“If Medal Count doesn’t turn out to be a good horse, it’ll be the most wrong I’ve ever been about a horse,” Romans said. “He just does everything so easy. It doesn’t matter what it is – his works or his gallops. He’s got the pedigree, the looks and the size – he’s the total package for a good horse.”
Medal Count has had one work at Churchill Downs since the Breeders’ Cup, but he was not nominated to the Kentucky Jockey Club and Romans said he never considered the colt for the race.
“I thought I’d take it easy with him,” Romans said. “I’ll take him to Florida and maybe run him on the grass, and kind of start over with him down there.”
Along with his pair in the Kentucky Jockey Club, Romans has 15 2-year-olds entered on Saturday’s “Stars of Tomorrow II” closing day card.
“I feel pretty good about moving forward,” he said.
WINE PRINCESS READY FOR NEW CAREER FOLLOWING EMOTIONAL FALLS CITY WIN – In a race filled with potential storybook endings, the $165,300 Falls City Handicap (GII) on Thanksgiving Day ended with the blue-blood princess living up to her promise in the final race of her career.
Becky Winemiller’s Wine Princess, a regally-bred daughter of Horses of the Year Ghostzapper and Azeri, scored her most significant victory in her final appearance on the track when she defeated rags-to-riches rivals Don’t Tell Sophia and Flashy American in the 1 1/8-mile holiday feature for older fillies and mares.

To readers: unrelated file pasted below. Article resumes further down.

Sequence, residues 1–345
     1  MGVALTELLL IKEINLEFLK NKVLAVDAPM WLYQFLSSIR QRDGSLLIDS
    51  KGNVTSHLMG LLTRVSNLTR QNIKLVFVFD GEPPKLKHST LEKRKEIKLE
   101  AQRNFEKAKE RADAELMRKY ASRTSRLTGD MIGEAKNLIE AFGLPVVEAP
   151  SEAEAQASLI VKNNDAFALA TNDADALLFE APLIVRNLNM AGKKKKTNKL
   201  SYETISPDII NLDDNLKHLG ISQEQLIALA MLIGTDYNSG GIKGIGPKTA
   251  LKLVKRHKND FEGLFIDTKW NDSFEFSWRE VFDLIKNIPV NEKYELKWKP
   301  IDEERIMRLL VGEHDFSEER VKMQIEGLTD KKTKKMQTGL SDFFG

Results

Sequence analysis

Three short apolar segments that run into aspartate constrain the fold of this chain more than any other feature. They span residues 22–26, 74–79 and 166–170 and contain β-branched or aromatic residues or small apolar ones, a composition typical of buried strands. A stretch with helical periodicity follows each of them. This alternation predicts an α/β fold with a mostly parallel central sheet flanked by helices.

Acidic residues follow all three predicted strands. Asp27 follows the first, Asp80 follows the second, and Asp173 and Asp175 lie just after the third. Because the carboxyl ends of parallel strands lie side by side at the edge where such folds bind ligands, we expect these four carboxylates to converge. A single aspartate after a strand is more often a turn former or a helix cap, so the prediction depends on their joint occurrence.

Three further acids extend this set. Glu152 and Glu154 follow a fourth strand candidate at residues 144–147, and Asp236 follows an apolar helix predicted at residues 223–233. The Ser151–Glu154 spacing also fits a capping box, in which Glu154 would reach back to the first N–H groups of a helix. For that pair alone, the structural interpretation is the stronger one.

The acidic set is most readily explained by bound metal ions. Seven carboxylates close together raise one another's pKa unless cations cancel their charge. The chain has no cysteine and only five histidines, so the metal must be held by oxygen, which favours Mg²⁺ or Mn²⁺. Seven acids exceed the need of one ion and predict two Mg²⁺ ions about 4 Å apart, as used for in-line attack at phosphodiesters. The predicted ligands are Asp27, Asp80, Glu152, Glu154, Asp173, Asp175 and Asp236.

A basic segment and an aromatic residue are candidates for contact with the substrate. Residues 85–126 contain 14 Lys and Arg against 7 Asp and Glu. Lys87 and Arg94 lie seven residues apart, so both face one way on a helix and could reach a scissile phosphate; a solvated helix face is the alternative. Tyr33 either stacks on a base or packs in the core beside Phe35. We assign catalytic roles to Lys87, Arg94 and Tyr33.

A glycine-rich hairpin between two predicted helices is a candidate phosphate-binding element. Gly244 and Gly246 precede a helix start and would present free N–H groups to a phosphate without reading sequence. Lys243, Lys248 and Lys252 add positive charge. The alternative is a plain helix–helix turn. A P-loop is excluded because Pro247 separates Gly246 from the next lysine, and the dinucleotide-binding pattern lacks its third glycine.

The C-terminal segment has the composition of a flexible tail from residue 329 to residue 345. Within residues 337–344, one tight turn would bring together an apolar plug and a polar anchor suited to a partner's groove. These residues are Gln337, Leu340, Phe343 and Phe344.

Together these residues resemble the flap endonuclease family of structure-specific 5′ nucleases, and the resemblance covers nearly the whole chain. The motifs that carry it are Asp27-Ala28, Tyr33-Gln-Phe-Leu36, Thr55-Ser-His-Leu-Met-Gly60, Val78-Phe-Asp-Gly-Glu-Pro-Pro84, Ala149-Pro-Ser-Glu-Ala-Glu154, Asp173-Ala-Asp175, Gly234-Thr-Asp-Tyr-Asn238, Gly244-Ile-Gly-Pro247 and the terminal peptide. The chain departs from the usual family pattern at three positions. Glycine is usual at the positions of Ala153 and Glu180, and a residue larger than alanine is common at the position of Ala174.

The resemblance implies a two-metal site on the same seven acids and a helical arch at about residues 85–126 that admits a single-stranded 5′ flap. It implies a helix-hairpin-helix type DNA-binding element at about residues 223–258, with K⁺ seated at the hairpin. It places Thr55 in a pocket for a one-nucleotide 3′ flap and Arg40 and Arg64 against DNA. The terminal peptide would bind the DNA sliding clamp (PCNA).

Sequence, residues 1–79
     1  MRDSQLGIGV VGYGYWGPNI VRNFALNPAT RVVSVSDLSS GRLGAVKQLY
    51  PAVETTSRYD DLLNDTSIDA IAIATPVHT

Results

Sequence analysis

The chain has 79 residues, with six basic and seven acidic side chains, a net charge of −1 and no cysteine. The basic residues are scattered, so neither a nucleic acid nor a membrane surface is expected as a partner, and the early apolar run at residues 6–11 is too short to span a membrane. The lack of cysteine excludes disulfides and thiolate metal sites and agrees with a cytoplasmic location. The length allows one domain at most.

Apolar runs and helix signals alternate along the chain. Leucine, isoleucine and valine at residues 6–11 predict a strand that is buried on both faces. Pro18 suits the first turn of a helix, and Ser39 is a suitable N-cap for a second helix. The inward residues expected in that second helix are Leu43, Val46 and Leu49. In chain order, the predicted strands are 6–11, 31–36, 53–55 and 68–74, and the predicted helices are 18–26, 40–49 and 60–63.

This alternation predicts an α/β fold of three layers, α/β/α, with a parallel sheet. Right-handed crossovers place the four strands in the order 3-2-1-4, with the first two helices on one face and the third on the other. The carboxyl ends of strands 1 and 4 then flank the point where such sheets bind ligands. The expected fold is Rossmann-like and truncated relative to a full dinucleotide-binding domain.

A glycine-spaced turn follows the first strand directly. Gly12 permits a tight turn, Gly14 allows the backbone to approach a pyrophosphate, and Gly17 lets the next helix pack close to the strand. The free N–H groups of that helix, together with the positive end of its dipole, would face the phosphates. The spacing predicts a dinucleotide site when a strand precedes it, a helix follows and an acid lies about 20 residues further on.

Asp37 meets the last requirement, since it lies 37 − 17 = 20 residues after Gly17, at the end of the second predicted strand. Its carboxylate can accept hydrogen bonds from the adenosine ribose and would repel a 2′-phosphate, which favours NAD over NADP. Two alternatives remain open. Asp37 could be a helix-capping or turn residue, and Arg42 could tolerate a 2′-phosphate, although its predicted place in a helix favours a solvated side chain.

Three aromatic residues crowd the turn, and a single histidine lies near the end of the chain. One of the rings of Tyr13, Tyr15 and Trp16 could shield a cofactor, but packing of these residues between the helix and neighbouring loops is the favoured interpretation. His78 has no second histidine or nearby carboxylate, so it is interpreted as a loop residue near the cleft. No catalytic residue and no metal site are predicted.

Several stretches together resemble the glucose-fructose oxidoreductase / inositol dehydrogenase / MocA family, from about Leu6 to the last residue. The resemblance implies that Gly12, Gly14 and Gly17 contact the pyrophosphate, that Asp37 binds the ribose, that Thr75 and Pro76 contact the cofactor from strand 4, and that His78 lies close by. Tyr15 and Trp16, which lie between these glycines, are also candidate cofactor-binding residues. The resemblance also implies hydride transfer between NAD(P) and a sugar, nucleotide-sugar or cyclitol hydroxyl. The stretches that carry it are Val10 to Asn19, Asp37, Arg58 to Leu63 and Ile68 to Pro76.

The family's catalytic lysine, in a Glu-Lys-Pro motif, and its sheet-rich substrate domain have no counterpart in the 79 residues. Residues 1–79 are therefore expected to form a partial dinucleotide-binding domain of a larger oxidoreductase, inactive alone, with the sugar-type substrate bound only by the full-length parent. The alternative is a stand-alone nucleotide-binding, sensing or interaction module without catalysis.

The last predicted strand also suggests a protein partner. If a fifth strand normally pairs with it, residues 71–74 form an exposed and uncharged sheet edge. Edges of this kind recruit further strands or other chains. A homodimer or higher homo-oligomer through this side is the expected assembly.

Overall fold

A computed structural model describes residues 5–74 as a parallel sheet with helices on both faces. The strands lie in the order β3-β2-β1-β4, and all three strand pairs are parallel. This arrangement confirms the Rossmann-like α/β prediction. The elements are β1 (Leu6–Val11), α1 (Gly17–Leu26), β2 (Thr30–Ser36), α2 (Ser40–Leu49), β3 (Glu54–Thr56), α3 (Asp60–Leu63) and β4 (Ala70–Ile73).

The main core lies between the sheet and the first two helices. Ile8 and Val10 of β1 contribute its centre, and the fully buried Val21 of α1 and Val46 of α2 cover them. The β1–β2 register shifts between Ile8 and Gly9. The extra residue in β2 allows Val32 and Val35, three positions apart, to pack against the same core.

The Steve Margolis-trained Wine Princess won by 2 ¾ lengths under jockey Shaun Bridgmohan, who rode the 4-year-old filly in every race of her life. Her final win improved her career record to 13-5-5-1 with earnings of $461,561.
“It was just a heck of a race,” Margolis said. “After watching it a couple of times, she just put her head down and she dug in.”
Margolis said Friday that Wine Princess came out of the race in perfect shape. She will travel to her new home at Lexington’s Hill ‘n’ Dale Farm on Sunday morning, where she will embark on her new career as a broodmare.